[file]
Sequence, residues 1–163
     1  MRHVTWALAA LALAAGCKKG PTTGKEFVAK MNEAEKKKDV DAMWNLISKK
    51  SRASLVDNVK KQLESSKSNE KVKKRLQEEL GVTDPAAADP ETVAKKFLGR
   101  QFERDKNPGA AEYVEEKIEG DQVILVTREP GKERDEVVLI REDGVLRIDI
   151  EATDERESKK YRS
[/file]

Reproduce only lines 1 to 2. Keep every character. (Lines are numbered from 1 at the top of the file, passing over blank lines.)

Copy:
Sequence, residues 1–163
     1  MRHVTWALAA LALAAGCKKG PTTGKEFVAK MNEAEKKKDV DAMWNLISKK